One of Vitech’s principals, Richard Stewart, says that the knowledge transfer was the key to the collaboration. “You can gauge the success of a project if, at the end, the customer knows our technology as well as we do—and we know their operation as well as they do.”

Gearing up for voice
With a team in place, the next step was to ensure that the proper infrastructure was in place to fully support voice technology. RF networks were upgraded and wireless coverage verified in both facilities. Interfaces were developed to connect voice to the company’s homegrown AS400-based warehouse management system (WMS). Check digit labels were applied to pick locations, while workflows were reviewed to ensure that the software could be configured to match each specific activity.

The company purchased more than 60 Talkman T5 series terminals and enough SRX wireless headsets for 250 pickers over three shifts. Pickers also had the option of a wired headset in case they preferred a lighter weight and fit. In all, the hard cost of the complete system including associated servers and hardware remained in the six-figure range not including internal software development and training costs.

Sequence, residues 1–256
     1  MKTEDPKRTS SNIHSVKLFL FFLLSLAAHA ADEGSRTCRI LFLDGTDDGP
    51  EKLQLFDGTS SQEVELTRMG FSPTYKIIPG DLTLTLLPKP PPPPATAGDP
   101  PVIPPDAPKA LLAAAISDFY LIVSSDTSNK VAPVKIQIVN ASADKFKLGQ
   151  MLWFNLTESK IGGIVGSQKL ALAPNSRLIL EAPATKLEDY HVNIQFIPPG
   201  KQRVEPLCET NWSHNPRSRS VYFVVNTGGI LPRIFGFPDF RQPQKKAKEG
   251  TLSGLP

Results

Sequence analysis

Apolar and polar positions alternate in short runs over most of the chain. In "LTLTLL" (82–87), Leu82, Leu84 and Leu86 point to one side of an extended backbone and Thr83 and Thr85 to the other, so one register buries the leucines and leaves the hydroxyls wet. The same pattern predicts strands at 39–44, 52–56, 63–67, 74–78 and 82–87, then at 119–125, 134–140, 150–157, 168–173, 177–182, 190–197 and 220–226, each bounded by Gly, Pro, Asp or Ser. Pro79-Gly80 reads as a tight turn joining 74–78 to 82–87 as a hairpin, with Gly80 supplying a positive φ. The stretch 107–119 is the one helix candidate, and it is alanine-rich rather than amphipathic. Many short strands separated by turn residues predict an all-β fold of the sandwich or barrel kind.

“As with any new technology, there will always be some resistance to change,” says Stewart. “Anything that you can do to break down the barriers to that technology is going to make your ‘go-live’ that much better.”

In May 2007, the voice-picking system went live in the DSC’s pick-to-pallet section.  “We always measure the success of each ‘go-live’ event by how little help they need from us, their systems integrator,” says Stewart. “We had scheduled to be there an entire week, but after the second day, we didn’t need to go back.”

How London’s voice works